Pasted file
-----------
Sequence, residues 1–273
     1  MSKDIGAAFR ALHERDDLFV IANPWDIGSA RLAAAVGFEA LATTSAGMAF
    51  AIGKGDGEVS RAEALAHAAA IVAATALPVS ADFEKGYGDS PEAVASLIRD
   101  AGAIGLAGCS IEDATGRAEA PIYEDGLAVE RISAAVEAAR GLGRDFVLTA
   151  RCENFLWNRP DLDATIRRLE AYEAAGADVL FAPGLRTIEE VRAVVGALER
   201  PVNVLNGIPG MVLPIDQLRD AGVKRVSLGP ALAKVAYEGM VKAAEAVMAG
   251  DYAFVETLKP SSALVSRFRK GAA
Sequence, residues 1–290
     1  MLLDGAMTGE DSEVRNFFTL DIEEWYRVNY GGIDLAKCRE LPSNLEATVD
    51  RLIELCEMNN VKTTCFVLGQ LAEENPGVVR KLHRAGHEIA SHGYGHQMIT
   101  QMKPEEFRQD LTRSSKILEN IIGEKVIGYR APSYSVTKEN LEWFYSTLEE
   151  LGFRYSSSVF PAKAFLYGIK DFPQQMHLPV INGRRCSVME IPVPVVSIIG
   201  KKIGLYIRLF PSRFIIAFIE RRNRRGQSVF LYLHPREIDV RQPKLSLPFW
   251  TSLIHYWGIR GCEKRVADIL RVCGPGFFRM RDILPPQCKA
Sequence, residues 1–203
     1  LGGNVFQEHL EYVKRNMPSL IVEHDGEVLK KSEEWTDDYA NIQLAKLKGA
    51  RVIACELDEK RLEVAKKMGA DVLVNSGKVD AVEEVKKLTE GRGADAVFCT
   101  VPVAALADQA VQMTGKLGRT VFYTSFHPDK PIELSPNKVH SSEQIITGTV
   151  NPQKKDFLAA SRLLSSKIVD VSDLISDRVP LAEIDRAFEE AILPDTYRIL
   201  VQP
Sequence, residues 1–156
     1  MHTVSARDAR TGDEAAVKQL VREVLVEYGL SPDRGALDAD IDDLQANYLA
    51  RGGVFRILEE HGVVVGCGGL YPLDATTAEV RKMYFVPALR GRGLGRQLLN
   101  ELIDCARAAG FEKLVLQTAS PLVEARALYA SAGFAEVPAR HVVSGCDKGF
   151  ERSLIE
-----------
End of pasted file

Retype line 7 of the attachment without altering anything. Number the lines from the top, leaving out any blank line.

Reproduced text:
   251  DYAFVETLKP SSALVSRFRK GAA